63. Ødegaard, M. (2003). Dramatic science: A critical review of drama in science education, Studies in Science Education, 39, 75–101.

    Article  Google Scholar 

  64. Office of Communications (2017). San Diego Mesa College’s fashion students designs featured in Salk Institute’s design and discovery fashion showcase. Available at http://www.sdmesa.edu/_resources/newsroom/posts/salk_fashion_showcase.php. Accessed 7 April 2019.

  65. Pedretti, E & Nazir, J. (2011). Currents in STSE education: Mapping a complex field, 40 years on. Science Education, 95(4), 601–626.

  66. Phelan, P., Davidson, A. L., & Cao, H. T. (1991). Students’ multiple worlds: negotiating the boundaries of family, peer, and school cultures. Anthropology and Education Quarterly, 22, 224–250.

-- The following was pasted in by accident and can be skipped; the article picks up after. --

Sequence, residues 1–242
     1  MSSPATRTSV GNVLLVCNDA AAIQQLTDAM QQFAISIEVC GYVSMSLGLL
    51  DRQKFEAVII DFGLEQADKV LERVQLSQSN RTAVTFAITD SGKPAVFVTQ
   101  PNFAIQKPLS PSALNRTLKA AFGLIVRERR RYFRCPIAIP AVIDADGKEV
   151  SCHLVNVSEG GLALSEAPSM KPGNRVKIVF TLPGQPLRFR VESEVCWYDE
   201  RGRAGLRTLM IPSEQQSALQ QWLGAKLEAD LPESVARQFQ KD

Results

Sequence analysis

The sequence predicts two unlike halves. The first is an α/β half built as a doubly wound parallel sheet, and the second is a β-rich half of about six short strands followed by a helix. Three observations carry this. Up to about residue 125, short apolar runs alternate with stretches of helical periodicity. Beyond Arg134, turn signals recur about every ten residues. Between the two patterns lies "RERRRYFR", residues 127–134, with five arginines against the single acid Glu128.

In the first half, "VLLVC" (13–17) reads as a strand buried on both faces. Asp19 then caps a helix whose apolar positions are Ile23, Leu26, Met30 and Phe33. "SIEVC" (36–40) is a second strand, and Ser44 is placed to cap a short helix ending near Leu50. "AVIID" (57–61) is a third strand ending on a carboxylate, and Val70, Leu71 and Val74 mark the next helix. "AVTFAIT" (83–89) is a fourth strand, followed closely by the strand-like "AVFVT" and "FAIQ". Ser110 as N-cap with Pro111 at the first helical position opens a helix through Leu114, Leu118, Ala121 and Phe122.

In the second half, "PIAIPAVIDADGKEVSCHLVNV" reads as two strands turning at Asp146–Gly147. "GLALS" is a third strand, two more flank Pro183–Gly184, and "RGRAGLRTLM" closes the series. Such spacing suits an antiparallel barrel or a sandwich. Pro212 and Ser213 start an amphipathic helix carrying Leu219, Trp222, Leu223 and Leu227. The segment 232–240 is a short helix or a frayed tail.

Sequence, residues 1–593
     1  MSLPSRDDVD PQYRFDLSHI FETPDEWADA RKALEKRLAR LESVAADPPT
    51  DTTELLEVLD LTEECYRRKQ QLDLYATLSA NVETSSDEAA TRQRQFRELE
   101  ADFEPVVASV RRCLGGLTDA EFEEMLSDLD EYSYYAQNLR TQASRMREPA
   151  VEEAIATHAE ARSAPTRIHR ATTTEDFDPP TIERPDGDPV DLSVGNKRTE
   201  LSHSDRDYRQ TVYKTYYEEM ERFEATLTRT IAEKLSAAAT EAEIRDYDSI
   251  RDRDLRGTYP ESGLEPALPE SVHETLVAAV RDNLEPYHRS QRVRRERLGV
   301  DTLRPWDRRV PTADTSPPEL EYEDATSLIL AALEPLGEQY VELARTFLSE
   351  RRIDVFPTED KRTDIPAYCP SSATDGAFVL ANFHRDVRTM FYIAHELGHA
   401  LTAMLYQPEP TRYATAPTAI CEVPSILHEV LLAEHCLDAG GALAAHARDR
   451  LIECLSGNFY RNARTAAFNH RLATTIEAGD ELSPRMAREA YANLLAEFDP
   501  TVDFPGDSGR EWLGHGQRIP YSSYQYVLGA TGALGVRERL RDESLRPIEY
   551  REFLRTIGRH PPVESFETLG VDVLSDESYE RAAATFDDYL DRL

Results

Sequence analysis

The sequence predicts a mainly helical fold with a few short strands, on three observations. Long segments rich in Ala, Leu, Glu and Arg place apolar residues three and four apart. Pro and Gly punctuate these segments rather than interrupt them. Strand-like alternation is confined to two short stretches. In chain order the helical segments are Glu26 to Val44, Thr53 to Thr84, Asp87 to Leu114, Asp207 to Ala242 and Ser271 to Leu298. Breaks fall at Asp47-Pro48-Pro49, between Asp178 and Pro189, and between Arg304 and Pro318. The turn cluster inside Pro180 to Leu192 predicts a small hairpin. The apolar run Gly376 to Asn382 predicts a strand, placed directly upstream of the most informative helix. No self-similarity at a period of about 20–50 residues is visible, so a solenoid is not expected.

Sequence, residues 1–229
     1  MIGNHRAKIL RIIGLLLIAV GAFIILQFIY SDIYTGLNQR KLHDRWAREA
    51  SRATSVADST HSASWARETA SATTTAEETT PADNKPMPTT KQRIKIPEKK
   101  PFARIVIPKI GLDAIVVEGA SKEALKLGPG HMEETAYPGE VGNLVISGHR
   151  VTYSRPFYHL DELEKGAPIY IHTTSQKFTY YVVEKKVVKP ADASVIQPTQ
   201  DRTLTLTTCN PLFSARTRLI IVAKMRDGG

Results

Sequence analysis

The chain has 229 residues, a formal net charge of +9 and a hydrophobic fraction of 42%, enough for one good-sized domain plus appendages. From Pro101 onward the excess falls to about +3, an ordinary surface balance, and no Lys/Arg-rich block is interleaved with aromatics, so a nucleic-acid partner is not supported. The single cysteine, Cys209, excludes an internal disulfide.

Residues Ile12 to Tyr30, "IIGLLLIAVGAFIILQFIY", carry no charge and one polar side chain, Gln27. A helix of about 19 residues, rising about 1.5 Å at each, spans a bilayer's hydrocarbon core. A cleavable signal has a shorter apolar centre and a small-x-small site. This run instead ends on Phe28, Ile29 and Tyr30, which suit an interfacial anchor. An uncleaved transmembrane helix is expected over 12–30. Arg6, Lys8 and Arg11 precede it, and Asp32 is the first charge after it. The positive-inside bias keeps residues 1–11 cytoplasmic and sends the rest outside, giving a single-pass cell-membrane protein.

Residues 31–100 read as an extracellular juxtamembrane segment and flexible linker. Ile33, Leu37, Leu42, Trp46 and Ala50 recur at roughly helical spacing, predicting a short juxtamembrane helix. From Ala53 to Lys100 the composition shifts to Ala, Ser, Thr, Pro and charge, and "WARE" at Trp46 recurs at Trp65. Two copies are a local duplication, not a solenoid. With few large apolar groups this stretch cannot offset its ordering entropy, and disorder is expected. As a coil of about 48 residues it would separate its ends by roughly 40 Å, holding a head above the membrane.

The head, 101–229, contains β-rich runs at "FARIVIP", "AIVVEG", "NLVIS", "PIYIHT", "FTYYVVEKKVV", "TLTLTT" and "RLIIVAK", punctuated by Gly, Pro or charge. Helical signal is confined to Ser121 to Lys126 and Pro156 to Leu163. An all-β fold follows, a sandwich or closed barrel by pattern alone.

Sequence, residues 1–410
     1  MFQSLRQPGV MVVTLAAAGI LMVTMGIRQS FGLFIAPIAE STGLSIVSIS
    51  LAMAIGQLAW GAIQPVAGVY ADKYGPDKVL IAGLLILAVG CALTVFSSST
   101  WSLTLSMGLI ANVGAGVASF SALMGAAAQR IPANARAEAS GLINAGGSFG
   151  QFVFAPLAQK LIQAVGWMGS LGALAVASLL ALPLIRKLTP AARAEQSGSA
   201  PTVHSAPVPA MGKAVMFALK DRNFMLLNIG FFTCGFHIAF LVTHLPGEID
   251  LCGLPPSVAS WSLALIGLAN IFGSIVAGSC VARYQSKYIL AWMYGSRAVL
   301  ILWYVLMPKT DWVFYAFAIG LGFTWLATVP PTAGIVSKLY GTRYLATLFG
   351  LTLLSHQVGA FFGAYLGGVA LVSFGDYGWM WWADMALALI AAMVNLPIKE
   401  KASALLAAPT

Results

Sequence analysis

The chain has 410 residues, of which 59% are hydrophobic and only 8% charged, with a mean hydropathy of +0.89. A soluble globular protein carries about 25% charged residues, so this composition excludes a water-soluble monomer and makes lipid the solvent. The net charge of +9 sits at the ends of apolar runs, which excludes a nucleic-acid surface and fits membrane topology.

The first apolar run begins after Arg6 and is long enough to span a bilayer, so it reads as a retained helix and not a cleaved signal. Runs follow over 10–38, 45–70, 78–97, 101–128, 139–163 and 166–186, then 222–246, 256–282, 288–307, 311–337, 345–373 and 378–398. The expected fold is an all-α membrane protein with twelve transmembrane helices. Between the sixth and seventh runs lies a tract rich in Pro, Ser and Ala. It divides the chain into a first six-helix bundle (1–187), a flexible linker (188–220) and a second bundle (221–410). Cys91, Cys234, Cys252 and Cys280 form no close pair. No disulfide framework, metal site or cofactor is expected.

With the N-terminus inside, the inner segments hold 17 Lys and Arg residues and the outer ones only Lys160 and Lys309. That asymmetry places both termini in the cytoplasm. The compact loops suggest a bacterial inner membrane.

Article  Google Scholar 

  67. Pollack, A. E., Korol, D. L. (2013). The use of haiku to convey complex concepts in neuroscience. Journal of Undergraduate Neuroscience Education, 12, A42–A48.

    Google Scholar 

  68. Preziosi, D. (1989). Rethinking art history: Meditations on a coy science. New Haven, CT: Yale University Press.

    Google Scholar 

  69. Quinn, J. (2013). Theorising learning and nature: Post-human possibilities and problems. Gender and Education, 25(6), 738–753.

    Article  Google Scholar 

  70. Rhode Island School of Design (RISD) (2018). From STEM to STEAM. Available at http://www.risd.edu/about/STEM_to_STEAM/. Accessed 7 October 2018.